Mail Fraud

Any fraud that uses the U.S. Mail®—whether it originates in the mail, by phone, or online—is mail fraud. Read on for more information about crimes you should watch out for.

Types of Mail Fraud

  • Fraud Against Older Americans

    Every year, mail fraud schemes are directed at consumers of all ages. While anyone under the right circumstances can fall for a phony offer or promotion, some groups, like retirees, are more impacted than others when they unknowingly participate in scams.

    Woman reading receipt
  • Fraud Against Veterans

    78% of retired military men and women have been targeted by scams. Veterans implicitly trust fellow members of the military and commonly deal with PTSD, making them more vulnerable to imposters making fraudulent claims related to benefits, employment, and special discounts.

    Operation Protect Veterans
  • Sweepstakes and Lottery Fraud

    You could find yourself out of luck if you don’t know the difference between a legitimate win and a sweepstakes scam. If there is pressure to act and you must send money to collect your prize, you haven’t won anything.

    Envelope containing scam letter
  • Employment Fraud

    Employment fraud is an attempt to deceive people who are seeking employment by giving them false hope. Common employment scams, such as pyramid schemes, check-cashing schemes, and phony job offers, typically request personal information, bank details, or buy-in to secure the job.

    Employees sitting down for a lecture
  • Telemarketing Fraud

    Telemarketing fraud often begins with postcards or letters in the mail describing an appealing offer and a prompt to call a 900 number or a toll-free 800 number. When you call, the telemarketer often has a convincing sales pitch and uses high-pressure tactics to trick the recipient into handing over personal information.

    Woman with a phone to her ear
  • Financial Fraud

    Financial fraud is deception that uses financial transactions for personal gain. Any offer that requires a payment first—for a new credit card without a credit check, an advance on a loan, or an amazing deal on a product or service—is probably a scam.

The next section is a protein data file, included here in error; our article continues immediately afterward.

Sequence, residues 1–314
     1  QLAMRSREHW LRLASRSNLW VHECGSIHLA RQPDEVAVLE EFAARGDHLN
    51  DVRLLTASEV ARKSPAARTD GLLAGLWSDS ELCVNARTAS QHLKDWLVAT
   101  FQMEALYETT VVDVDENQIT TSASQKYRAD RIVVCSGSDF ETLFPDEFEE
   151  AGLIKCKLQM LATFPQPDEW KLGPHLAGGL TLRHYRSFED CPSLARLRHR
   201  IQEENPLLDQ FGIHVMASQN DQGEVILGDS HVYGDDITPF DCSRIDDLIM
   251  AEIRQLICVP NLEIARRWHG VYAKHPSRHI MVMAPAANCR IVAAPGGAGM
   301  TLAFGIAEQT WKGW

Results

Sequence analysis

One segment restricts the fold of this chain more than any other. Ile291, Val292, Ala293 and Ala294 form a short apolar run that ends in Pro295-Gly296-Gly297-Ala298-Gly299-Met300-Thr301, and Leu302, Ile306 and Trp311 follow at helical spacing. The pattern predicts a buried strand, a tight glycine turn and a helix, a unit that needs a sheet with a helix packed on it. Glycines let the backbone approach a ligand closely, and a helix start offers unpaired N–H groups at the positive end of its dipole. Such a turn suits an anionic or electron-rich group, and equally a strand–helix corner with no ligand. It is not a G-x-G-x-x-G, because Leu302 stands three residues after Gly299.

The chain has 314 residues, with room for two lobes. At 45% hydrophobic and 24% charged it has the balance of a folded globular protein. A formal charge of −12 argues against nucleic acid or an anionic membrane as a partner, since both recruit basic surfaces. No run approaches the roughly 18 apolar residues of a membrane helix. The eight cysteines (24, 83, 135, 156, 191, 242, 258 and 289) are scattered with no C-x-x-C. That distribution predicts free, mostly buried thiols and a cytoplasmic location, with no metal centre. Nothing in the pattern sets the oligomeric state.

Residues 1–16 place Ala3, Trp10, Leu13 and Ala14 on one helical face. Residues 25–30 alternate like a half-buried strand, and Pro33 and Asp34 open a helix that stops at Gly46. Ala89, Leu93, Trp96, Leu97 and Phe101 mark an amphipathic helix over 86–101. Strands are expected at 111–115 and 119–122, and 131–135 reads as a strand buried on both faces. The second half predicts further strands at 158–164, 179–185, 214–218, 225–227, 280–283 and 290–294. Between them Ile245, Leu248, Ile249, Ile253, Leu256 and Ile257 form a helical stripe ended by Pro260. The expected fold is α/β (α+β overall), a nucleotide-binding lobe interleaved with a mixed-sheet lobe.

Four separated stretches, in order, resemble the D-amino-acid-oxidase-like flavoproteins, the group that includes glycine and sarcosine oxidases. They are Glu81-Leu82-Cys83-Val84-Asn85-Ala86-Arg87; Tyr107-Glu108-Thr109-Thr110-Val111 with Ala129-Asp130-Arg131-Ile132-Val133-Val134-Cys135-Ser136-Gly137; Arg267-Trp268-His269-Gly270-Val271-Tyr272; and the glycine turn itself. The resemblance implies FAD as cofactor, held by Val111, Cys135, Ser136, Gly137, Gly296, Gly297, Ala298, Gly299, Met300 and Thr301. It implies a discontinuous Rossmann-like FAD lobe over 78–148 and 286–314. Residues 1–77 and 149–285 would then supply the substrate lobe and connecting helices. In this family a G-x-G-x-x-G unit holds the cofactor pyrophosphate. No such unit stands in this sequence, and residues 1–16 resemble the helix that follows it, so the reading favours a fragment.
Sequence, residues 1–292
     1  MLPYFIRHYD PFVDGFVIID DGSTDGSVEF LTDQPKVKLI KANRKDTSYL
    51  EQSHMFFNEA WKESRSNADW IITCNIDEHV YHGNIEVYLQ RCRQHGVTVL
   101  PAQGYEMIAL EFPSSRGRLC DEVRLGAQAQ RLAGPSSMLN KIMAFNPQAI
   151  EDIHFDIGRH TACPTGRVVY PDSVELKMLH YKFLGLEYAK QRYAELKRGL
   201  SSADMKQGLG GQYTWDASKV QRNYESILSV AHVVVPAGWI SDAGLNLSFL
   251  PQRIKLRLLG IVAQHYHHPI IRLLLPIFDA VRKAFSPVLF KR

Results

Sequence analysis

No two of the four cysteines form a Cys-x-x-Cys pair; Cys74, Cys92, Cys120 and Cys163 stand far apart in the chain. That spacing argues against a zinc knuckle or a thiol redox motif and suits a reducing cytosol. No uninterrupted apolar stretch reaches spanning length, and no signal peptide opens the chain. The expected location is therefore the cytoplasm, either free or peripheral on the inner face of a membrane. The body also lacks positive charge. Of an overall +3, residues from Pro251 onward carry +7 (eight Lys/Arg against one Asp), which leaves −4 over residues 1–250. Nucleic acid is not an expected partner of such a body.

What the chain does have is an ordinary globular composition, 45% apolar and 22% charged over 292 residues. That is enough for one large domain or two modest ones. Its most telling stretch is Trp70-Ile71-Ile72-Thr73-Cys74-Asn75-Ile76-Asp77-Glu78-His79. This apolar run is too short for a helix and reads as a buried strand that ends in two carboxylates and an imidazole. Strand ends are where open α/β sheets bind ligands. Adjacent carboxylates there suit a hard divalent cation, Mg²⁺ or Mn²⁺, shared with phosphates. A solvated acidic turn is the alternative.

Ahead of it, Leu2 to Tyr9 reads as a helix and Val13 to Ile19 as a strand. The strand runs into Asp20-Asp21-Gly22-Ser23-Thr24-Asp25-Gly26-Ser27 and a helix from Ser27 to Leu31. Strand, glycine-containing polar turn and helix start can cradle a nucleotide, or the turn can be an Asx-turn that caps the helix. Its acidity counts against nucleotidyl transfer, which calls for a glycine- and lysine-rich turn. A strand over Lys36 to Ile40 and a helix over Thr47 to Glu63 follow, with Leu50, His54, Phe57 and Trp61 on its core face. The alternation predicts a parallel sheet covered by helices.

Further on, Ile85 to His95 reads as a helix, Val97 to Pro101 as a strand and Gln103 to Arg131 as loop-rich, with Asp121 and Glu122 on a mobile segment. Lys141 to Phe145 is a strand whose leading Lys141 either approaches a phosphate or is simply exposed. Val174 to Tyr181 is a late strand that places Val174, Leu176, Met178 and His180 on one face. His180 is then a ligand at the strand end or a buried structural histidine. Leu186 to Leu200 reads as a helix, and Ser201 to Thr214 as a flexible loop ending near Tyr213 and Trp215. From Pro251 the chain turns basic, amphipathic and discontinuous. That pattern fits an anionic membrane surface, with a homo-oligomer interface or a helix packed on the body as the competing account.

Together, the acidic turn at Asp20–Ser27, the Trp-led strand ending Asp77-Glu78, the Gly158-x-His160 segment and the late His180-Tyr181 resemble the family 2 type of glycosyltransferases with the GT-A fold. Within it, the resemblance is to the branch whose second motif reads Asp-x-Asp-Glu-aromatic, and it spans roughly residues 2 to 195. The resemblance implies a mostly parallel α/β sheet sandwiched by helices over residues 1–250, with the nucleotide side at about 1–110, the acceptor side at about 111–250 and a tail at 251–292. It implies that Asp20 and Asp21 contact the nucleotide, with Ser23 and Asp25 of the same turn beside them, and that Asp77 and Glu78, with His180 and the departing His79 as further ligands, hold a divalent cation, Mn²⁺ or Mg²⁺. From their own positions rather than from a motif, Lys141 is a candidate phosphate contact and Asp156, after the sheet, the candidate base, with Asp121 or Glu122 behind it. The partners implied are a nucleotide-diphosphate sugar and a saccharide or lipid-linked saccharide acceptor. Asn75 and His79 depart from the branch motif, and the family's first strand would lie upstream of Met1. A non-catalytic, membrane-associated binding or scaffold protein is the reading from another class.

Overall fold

Woman shopping online using a laptop
  • Other Types of Mail Fraud

    Other mail fraud includes brochures offering services for unusually low prices, phony inheritance notifications, and notices asking for payment for free services (such as putting your name on the Do-Not-Call Registry). These schemes use mail in some form to persuade people and request money.

    Woman shopping online using a laptop

Protect Yourself

Follow and share these tips to protect yourself and others against mail fraud.

  • Don't share financial information

    Don’t give your financial information—Social Security number, credit card, or bank account numbers—to anyone you don’t know and don’t trust.

  • Don't be pressured

    Get all information in writing before you agree to enter a contest, make a purchase, or give a donation. Don’t be pressured into making an immediate decision.

  • Do your due dilligence

    Check out the company online or with a consumer advocacy group such as the Better Business Bureau® , State Attorney General’s Office,  or FTC.

  • Consult with a friend

    Discuss any promotion, offer or fundraising appeal with a trusted friend, or relative before making a commitment or sending payment.

  • Block telemarketing calls

    Reduce unwanted telemarketing calls. Take advantage of call blocking services, some of which are free, or purchase a call-blocking device.

  • Read the fine print

    Read everything given or mailed to you—including the “fine print” before taking action.

441 mail fraud convictions in fiscal year 2018.

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Report a crime

Are you a victim or have you witnessed a mail-related crime? Alert Postal Inspectors to the problem and prevent others from being victimized.

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